Stainier DY, Fishman MC. 1992. Patterning the zebrafish heart tube: acquisition of anteroposterior polarity. Developmental biology. 153(1):91-101. Pubmed: 1516755


The patterning of an internal organ, like the heart, is little understood. Central to this patterning is the formation, or the acquisition, of an anteroposterior (A-P) axis. We have approached the question of how the heart tube acquires polarity in the zebrafish, Brachydanio rerio, which offers numerous advantages for studying cardiac morphogenesis. During the early stages of organogenesis in the fish, the heart tube lies in an A-P orientation with the venous end lying anteriorly and the arterial end lying posteriorly. High doses (10(-6)-10(-5)M) of retinoic acid (RA) cause truncation of the body axis, as they do in Xenopus. Low doses of retinoic acid (10(-8)-10(-7) M), which do not appear to affect the rest of the embryo, have pronounced effects upon heart tube morphogenesis, causing it to shrink progressively along the A-P axis. To investigate this further, we identified monoclonal antibodies that distinguish between the zebrafish cardiac chambers and used them to show that the RA-induced cardiac truncation always begins at the arterial end of the heart tube. There is a continuous gradient of sensitivity from the arterial to the venous end, such that increasing RA exposure causes the progressive and sequential deletion first of the bulbus arteriosus and then, in order, of the ventricle, the atrium, and the sinus venosus. As exposure increases, parts of chambers are deleted before entire chambers; thus, the sensitivity to RA appears to be independent of chamber boundaries. The analysis of the heart tube's sensitivity to RA and its timing suggest that polarity is established during or shortly after initial commitment to the cardiac lineage.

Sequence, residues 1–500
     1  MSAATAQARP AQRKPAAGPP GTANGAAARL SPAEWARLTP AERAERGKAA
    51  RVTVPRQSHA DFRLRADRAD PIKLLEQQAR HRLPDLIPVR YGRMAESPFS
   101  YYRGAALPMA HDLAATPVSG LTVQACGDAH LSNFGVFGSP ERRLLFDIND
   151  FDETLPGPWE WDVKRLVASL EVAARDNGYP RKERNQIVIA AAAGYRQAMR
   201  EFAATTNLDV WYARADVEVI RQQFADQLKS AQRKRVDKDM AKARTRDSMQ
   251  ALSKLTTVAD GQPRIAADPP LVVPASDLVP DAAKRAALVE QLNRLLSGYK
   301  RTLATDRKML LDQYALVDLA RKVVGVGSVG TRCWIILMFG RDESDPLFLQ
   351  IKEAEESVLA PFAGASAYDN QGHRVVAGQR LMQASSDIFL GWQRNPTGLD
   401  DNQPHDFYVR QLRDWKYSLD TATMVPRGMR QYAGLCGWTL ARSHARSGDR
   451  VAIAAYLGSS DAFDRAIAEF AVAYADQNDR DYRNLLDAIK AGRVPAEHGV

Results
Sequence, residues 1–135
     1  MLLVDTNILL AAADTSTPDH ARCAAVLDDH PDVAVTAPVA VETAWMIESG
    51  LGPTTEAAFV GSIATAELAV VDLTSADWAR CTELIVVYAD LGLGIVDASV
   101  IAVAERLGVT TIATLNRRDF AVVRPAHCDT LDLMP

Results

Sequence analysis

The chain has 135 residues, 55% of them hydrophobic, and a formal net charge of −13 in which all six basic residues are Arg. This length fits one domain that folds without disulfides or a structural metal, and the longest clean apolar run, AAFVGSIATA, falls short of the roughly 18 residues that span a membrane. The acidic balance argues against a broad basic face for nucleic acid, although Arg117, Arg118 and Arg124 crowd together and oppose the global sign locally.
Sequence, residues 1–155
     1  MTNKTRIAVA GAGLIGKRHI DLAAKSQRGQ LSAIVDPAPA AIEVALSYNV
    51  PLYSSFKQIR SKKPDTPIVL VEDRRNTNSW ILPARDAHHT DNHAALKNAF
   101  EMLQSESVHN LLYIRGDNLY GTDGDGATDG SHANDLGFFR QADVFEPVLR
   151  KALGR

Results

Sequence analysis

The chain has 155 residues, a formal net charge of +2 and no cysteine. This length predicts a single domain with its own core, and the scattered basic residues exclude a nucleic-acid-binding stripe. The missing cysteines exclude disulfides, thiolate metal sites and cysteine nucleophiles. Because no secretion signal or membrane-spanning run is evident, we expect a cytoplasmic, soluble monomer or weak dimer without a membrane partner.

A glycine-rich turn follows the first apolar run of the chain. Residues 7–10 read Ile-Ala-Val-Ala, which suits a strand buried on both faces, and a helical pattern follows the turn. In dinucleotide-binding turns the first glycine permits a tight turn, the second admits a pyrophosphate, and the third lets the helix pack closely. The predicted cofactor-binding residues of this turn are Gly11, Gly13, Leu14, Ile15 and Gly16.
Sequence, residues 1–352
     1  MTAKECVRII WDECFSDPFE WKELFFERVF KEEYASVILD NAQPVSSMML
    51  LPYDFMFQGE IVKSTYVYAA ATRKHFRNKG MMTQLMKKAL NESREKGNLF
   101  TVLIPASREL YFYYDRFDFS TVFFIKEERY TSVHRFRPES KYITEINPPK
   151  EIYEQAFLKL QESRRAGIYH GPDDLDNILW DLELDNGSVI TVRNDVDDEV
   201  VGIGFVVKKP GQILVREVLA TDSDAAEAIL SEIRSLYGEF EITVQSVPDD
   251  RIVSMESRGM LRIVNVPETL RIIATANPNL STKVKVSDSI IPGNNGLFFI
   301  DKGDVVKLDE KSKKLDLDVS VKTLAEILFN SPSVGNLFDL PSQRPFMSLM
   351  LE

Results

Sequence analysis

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Photo of Mark C. Fishman

Mark C. Fishman’s group studies the heart-brain connection. They employ a range of genetic, developmental, and neurobiological tools in zebrafish to understand what the heart tells the brain, and how critical internal sensory systems adjust homeostatic and somatic behaviors, including social interactions.

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